Little India could also be higher often called the home of a plethora of Indian flatbreads, whether or not you’re searching for naan, chapati or prata.
So I’m stunned to seek out scrumptious sourdough bread made in a wood-fired oven in a restaurant hidden among the many neat alleyways of Rowell Road.
Perhaps the title of the cafe, Sideways, comes from the way you have to drag the steel door sideways to enter the slender house, previously occupied by Broadcast HQ, which comprised a restaurant, bar, report retailer and dance flooring.
Or possibly it is the left subject concept of baking Western-style bread in Little India.
Either means, the country sourdough bread, which has a good looking rise and crust ($four+ for 4 slices), is the spotlight of the Mediterranean-themed and small plates menu at Sideways, which is run by the identical individuals behind Sarnies, a restaurant in Telok Ayer, and The Hangar in Arab Street.
While these are primarily coffee-centric cafes, the main focus of the 30-seat bistro, which opened earlier this month, is the meals.
109 Rowell Road; Mondays to Saturdays, 6 to 11pm (dinner and drinks), Saturdays and Sundays, 10am to 10pm (brunch and dinner); tel 6291-3441; go to www.sideways.com.sg, www.fb.com/wearesideways or www.instagram.com/sidewayssg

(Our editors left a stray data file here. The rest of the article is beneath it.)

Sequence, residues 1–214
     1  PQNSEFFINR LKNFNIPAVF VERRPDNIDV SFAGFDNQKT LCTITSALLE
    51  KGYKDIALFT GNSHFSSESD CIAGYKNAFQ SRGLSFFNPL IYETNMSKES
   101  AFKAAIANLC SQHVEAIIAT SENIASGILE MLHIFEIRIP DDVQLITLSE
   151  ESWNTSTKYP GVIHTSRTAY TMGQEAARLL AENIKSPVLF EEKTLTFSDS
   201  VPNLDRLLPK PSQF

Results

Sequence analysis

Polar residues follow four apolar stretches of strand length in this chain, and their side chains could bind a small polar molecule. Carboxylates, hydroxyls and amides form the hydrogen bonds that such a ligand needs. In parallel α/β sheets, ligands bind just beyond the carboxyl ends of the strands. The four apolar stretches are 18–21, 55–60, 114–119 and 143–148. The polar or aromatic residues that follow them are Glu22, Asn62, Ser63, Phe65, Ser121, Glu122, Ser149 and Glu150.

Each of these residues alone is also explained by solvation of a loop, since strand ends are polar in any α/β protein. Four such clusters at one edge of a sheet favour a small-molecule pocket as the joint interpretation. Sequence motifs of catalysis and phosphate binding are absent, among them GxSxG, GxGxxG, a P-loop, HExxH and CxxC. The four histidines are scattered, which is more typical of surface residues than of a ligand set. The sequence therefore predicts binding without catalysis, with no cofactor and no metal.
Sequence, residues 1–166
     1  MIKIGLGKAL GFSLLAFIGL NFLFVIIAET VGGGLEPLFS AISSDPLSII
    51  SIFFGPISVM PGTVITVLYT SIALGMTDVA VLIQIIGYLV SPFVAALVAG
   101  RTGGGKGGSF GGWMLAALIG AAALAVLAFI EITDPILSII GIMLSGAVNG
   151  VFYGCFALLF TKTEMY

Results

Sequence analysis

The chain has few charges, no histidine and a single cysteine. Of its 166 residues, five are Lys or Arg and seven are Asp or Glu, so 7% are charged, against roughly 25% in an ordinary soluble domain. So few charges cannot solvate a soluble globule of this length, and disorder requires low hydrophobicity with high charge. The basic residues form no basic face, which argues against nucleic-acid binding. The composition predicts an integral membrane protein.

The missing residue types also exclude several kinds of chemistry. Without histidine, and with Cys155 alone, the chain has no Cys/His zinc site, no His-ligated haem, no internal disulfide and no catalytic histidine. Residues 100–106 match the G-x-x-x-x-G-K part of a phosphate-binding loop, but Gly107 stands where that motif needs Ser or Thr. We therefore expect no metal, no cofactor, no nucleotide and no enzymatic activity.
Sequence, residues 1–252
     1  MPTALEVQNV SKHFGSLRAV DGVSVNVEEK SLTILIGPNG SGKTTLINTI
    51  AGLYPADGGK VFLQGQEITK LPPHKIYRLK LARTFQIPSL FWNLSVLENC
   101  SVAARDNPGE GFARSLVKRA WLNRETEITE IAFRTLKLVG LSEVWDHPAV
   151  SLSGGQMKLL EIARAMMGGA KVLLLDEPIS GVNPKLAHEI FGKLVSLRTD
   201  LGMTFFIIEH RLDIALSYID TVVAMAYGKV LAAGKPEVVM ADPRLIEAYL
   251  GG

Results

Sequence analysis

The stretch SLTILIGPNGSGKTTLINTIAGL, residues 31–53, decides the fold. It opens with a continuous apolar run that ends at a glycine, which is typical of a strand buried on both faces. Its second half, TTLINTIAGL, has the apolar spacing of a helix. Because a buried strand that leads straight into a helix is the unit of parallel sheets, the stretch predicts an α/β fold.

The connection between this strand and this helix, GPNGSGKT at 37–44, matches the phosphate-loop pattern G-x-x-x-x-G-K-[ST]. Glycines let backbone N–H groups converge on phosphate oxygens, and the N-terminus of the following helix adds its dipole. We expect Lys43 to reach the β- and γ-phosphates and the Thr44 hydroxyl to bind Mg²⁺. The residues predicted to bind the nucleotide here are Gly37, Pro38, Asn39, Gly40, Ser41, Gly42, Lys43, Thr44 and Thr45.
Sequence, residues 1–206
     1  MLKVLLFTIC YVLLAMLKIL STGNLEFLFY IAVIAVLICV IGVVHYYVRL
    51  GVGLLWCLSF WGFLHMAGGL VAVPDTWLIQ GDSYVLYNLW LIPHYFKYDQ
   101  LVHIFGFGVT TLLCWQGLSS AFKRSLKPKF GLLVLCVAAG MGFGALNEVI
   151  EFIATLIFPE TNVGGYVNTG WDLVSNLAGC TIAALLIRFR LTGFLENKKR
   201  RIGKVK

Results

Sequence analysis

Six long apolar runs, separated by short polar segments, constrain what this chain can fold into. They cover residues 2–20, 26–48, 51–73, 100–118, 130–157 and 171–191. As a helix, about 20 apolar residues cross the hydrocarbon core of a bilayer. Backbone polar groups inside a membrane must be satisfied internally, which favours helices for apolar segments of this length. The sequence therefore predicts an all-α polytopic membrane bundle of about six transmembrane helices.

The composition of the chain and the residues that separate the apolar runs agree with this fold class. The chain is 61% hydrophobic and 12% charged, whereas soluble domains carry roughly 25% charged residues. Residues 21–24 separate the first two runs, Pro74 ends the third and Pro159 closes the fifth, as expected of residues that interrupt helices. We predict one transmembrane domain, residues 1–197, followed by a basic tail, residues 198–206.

The house owners use quite a lot of rosewood for the hearth, which imparts a definite perfume and smoky flavour to the bread and dishes, lots of which cross by way of the oven.
This contains the beneficiant hunk of bone marrow ($12+), which comes sprinkled with garlicky breadcrumbs.
You can style the char from the hearth within the creamy marrow, which pairs completely with slices of sourdough that it comes with.
It is all a bit salty, however washes down completely with an Aperol spritz ($14+) off the small cocktail menu.
There can also be a number of predominant dishes which can be fired up on the spot, however you possibly can refill on simply the dips.
The standouts are the mint and feta dip ($9+), which is contemporary and lightweight, and virtually pesto-like with the pine nuts which can be blitzed in as properly. The smoked eggplant and peppers dip ($7+), however, has an virtually chutney-like spice to it, maybe a nod to the Little India neighbourhood.
The black bean hummus ($eight), nonetheless, is a bit too watery for my liking, although the capers studded within the combination add a beautiful, salty hit.
With the quirky soundtrack (when I’m there, an Argentine ska band known as Los Fabulosos Cadillacs is taking part in on the stereo), the environmentally pleasant steel straws, graffitied partitions and the house owners checking out payments and workers schedules on the subsequent desk, it virtually looks like I am in Melbourne.
I might’ve most well-liked to not hear concerning the interior workings of their business over my dinner, however that stated, I might return only for the bread.